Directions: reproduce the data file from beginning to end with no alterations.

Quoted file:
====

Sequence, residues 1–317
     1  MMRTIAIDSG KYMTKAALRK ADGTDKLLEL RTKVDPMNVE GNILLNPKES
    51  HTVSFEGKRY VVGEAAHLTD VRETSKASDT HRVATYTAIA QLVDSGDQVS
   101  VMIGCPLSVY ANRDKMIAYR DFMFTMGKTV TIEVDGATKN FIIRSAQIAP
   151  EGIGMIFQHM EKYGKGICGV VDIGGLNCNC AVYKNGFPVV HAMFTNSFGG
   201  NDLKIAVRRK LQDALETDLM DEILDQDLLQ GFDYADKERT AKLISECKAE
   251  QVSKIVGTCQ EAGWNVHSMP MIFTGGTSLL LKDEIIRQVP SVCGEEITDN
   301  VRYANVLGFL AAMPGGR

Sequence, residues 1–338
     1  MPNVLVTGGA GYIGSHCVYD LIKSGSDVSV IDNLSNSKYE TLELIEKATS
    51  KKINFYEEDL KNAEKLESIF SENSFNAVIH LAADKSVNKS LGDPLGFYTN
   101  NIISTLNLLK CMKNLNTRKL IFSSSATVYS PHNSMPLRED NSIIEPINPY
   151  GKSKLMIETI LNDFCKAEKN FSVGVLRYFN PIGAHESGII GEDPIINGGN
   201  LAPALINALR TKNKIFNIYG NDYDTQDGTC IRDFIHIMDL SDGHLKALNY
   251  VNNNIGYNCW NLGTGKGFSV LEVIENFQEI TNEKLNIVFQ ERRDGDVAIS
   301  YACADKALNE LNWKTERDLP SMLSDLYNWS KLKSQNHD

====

Sequence, residues 1–317
     1  MMRTIAIDSG KYMTKAALRK ADGTDKLLEL RTKVDPMNVE GNILLNPKES
    51  HTVSFEGKRY VVGEAAHLTD VRETSKASDT HRVATYTAIA QLVDSGDQVS
   101  VMIGCPLSVY ANRDKMIAYR DFMFTMGKTV TIEVDGATKN FIIRSAQIAP
   151  EGIGMIFQHM EKYGKGICGV VDIGGLNCNC AVYKNGFPVV HAMFTNSFGG
   201  NDLKIAVRRK LQDALETDLM DEILDQDLLQ GFDYADKERT AKLISECKAE
   251  QVSKIVGTCQ EAGWNVHSMP MIFTGGTSLL LKDEIIRQVP SVCGEEITDN
   301  VRYANVLGFL AAMPGGR

Sequence, residues 1–338
     1  MPNVLVTGGA GYIGSHCVYD LIKSGSDVSV IDNLSNSKYE TLELIEKATS
    51  KKINFYEEDL KNAEKLESIF SENSFNAVIH LAADKSVNKS LGDPLGFYTN
   101  NIISTLNLLK CMKNLNTRKL IFSSSATVYS PHNSMPLRED NSIIEPINPY
   151  GKSKLMIETI LNDFCKAEKN FSVGVLRYFN PIGAHESGII GEDPIINGGN
   201  LAPALINALR TKNKIFNIYG NDYDTQDGTC IRDFIHIMDL SDGHLKALNY
   251  VNNNIGYNCW NLGTGKGFSV LEVIENFQEI TNEKLNIVFQ ERRDGDVAIS
   301  YACADKALNE LNWKTERDLP SMLSDLYNWS KLKSQNHD